The morning after pill
If your condom breaks during intercourse, or you realise that you forgot to take the pill, then you could find yourself in need of some emergency contraception, giving rise to the morning after pill as a popular choice. Before rushing off to get it, here’s what you need to know about the morning-after pill.
What is the morning-after pill?
The morning after pill is a form of emergency contraception that’s used to prevent pregnancy after unprotected sex. Some women may use it as an option after their normal method of contraception hasn’t worked out or after being sexually assaulted.
- The morning-after pill needs to be taken within 3-5 days after sex (depending on which you take).
- Be assured: the morning-after pill is notthe abortion pill. The former prevents pregnancy from occurring, where the latter terminates the pregnancy.
How the morning-after contraception pill works
There are two morning-after pill options.
One contains the hormone Levonorgestrel, which inhibits an egg being released during a menstrual cycle. It also changes the lining of the uterus (womb) to ensure the egg cannot attach itself.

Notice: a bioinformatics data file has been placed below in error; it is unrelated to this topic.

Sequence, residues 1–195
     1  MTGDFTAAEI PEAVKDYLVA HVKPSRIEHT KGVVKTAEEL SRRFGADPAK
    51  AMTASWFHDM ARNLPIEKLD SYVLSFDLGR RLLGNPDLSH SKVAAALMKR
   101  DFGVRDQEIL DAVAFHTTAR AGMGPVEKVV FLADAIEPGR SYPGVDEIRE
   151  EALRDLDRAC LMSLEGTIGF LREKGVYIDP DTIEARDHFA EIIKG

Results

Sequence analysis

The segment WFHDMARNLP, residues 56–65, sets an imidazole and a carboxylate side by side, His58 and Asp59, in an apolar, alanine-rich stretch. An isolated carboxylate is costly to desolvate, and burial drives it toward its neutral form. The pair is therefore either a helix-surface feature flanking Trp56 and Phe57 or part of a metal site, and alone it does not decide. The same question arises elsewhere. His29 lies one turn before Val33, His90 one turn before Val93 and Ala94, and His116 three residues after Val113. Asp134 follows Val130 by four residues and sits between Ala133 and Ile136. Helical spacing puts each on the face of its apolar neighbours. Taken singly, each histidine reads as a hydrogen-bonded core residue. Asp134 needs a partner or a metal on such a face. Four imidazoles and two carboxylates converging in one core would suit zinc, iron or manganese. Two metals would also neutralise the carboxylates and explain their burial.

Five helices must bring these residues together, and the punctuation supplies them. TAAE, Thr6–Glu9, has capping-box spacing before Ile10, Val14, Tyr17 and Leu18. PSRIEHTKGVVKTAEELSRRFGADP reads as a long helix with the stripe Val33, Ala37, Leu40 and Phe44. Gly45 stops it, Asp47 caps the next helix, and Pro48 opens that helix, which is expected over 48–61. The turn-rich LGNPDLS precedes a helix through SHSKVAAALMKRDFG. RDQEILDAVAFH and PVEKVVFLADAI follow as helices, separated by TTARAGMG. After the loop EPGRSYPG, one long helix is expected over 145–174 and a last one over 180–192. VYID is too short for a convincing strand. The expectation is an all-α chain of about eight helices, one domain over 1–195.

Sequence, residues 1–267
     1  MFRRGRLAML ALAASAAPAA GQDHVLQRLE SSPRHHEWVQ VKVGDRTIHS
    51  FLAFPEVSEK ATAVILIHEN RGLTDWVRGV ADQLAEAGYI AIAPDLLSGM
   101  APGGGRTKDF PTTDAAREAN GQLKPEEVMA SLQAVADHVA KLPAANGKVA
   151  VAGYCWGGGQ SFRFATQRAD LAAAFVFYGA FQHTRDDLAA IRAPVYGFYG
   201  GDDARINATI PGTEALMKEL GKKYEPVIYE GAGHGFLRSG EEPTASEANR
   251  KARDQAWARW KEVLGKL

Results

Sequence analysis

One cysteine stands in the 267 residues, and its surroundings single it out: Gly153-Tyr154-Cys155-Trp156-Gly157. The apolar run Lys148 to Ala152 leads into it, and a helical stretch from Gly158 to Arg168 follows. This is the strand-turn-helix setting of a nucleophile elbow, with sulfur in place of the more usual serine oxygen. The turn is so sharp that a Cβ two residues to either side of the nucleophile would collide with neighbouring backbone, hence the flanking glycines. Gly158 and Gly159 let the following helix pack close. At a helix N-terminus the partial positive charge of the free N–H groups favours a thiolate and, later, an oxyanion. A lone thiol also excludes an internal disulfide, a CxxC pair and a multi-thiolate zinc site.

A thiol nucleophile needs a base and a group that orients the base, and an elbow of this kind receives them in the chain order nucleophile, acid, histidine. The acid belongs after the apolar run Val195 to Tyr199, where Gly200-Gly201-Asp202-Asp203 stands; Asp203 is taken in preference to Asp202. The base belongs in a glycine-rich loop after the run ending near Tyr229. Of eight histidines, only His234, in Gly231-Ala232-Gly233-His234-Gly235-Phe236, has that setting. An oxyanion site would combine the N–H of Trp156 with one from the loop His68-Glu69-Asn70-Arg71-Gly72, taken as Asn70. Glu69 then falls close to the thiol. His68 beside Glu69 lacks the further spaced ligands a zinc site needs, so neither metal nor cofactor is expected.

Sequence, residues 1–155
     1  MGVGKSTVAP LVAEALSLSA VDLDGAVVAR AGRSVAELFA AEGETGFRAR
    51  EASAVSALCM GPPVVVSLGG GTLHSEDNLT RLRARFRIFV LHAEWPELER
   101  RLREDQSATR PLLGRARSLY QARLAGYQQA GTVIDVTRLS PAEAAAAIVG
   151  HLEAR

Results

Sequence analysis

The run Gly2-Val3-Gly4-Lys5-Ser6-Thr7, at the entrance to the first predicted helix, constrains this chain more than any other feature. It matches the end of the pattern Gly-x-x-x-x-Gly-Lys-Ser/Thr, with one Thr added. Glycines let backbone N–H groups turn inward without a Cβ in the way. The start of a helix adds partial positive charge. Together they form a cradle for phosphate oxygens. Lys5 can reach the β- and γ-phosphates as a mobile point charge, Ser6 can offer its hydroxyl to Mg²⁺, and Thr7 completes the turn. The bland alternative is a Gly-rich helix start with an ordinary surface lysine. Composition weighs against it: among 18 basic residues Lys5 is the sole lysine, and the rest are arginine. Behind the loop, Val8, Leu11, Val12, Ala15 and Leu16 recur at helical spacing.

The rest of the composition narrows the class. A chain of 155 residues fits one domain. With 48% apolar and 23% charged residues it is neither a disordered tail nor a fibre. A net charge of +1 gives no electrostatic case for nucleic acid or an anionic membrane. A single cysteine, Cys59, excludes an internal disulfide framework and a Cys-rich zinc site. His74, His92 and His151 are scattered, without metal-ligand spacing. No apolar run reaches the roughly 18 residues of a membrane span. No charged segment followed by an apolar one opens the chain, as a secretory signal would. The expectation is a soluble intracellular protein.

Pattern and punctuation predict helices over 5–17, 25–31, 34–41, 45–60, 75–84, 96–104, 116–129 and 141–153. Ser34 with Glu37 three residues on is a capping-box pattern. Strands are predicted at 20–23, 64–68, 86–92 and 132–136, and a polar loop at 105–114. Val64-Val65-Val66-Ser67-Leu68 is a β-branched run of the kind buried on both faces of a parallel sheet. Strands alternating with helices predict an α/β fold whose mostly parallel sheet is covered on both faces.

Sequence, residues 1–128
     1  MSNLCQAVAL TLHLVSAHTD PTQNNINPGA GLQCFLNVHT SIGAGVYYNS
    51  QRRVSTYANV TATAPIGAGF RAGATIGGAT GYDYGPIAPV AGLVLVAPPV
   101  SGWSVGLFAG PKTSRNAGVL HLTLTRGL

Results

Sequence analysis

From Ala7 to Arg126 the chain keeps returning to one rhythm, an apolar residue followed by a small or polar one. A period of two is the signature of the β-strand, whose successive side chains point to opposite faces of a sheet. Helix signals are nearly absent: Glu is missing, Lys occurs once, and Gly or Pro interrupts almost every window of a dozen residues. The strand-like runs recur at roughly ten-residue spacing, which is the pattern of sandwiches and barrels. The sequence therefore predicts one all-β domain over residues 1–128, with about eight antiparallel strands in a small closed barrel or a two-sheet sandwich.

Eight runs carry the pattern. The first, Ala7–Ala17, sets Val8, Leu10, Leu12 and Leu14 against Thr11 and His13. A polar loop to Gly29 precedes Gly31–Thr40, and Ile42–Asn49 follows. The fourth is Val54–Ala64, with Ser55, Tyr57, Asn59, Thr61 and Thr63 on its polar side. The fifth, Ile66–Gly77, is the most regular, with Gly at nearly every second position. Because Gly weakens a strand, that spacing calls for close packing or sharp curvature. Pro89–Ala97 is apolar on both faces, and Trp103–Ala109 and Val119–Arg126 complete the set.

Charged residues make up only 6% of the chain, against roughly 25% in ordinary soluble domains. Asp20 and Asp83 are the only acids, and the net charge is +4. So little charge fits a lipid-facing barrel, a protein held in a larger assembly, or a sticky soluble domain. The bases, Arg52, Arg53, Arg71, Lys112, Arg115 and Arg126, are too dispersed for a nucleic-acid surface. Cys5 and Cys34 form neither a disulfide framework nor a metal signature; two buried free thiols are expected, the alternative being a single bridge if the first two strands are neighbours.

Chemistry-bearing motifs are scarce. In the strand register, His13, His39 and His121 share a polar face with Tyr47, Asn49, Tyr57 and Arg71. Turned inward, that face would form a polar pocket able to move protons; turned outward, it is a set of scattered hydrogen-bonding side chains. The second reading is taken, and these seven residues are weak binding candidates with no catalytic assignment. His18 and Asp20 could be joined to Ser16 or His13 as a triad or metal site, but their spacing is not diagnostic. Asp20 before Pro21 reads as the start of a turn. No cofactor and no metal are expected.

The other uses an active ingredient, ulipristal acetate, which works by changing how the hormone progesterone works in your body.
Are there any side effects?
Like most other medication, it’s not impossible for morning after pills to have side effects, they tend to not be serious or long-term.
Some of the most common side effects that people experience after taking the morning after pill include:
- Nausea or vomiting. Please note that if you vomit within two hours of taking the pill, it won’t be effective, and you’ll need to take another one.
- Changes in your period. It may be earlier or later, or heavier or lighter than usual
- Breast tenderness, dizziness or headaches.
How often can I use emergency contraception?
Emergency contraception is safe to use, however, it’s generally not recommended as a regular birth control because they’re less effective at preventing pregnancy than other forms of contraception, such as the pill or condoms.
It’s crucial to remember that it does not protect against HIV/AIDS and STIs – condoms are the only form of contraception that prevents the transference of these diseases.
Source: Marie Stopes South Africa (Safe Abortion and Post Abortion Family Planning)
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